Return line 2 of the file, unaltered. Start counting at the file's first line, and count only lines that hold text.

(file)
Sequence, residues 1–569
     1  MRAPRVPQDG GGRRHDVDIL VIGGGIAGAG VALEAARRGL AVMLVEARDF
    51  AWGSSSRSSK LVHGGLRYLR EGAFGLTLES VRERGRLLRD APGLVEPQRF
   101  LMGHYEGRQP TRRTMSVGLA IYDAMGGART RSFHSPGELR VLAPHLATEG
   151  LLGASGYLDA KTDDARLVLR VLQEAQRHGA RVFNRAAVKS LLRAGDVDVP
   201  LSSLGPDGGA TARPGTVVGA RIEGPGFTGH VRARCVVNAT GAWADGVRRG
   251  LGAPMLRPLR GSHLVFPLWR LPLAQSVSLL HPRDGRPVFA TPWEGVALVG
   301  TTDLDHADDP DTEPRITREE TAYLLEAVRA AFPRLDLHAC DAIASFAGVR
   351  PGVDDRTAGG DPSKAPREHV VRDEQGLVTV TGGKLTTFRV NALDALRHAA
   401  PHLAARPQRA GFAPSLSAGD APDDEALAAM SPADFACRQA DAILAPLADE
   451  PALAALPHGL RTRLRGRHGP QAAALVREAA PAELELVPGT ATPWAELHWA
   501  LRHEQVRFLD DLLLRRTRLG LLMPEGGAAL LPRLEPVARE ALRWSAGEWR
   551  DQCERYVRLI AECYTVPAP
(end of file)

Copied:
     1  MRAPRVPQDG GGRRHDVDIL VIGGGIAGAG VALEAARRGL AVMLVEARDF